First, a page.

The art style of Braid was likely meant to look very unique and support the designer's attempt at a highly intellectual title.  With the difficult puzzles and long narrative quotations, the gameplay holds itself to a high standard of sophistication.  Thus once again, this is a great example of an art style that had much thought put into it, that the developers choose purposefully to convey what the game was about.

Choosing Your Art Style

There are an infinite number of art styles to choose to go with your game.  To get started on the right track, as yourself these questions:

What are my resources? Are you an an aspiring artist yourself?  Do you have a friend or fellow student who is an artist who would like to work on a project with you?  If not, then you may have a difficult time going to the level of some of the more sophisticated art styles we have covered in this article.  Another option is to hire an artist.  If you have the money, sites such as oDesk or Elance are great resources for contract work.

What is the Core Experience of my game, and how can my artwork reflect that? This is a great question for practical developers to ask themselves because it forces you to hone in on what the purpose of your game is.  Is your game about violence?  About peace?  About intellectual puzzles or a mystery crime?  The artwork should reflect what the game is truly about and what you want to convey to your players.

How much time am I willing to put into artwork? Some developers aren't interested in artwork at all.  It's Base Mechanics or nothing.  Others, however, deeply enjoy developing the artwork of their game.  Finding out what works for you will allow you to budget your time accordingly.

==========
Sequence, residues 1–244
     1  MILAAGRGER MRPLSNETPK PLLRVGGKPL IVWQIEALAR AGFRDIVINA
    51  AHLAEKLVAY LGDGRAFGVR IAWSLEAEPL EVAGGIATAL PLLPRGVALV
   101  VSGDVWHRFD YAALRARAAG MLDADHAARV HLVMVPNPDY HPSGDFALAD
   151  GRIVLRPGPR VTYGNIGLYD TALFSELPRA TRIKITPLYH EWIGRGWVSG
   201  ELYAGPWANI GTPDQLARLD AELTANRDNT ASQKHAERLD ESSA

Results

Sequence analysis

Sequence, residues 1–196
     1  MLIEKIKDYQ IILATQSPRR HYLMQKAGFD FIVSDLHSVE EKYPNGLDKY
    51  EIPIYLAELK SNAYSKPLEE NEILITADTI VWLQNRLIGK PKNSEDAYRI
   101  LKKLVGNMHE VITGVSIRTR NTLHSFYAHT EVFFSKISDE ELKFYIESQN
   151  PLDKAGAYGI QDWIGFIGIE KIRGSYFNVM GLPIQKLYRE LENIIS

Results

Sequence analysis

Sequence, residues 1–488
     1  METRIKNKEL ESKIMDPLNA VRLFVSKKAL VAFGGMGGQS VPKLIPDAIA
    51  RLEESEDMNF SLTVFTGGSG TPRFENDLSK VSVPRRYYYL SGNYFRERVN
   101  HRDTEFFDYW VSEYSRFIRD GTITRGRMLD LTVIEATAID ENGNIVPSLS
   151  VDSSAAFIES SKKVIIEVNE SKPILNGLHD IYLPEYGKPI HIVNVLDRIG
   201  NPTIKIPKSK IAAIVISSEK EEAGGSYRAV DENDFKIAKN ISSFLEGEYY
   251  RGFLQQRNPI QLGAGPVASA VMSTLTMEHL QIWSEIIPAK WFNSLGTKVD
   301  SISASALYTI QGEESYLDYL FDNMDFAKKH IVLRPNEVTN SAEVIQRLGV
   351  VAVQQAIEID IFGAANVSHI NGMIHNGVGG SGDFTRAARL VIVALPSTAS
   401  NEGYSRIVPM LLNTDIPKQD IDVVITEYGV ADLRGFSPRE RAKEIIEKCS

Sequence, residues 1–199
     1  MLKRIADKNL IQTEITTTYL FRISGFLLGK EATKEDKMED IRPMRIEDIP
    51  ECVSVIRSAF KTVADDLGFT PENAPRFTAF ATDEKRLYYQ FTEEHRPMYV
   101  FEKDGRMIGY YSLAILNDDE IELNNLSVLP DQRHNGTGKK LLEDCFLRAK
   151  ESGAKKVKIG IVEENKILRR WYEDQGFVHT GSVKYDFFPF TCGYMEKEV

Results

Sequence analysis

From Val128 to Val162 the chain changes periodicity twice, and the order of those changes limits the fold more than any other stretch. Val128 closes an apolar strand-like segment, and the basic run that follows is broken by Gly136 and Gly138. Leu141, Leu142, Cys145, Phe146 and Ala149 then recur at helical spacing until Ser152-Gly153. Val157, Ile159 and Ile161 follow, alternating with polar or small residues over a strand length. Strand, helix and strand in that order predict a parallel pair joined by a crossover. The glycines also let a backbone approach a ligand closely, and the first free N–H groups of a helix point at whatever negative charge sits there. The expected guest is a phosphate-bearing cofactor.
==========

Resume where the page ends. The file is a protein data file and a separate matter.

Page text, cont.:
This post came from TheGameProdigy.com.  Visit for more articles, resources, and analysis of indie and student game development.


Discussion: What games not mentioned above have game artwork that strongly reflects the gameplay?  How does the game do so?

Please leave a comment below!

Latest Jobs

Treyarch

Playa Vista, California
6.20.22
Audio Engineer

Digital Extremes

London, Ontario, Canada
6.20.22
Communications Director

High Moon Studios

Carlsbad, California
6.20.22
Senior Producer

Build a Rocket Boy Games

Edinburgh, Scotland
6.20.22
Lead UI Programmer
More Jobs   

CONNECT WITH US

Register for a
Subscribe to
Follow us

Game Developer Account

Game Developer Newsletter

@gamedevdotcom

Register for a

Game Developer Account

Gain full access to resources (events, white paper, webinars, reports, etc)
Single sign-on to all Informa products

Register
Subscribe to

Game Developer Newsletter

Get daily Game Developer top stories every morning straight into your inbox

Subscribe
Follow us

@gamedevdotcom

Follow us @gamedevdotcom to stay up-to-date with the latest news & insider information about events & more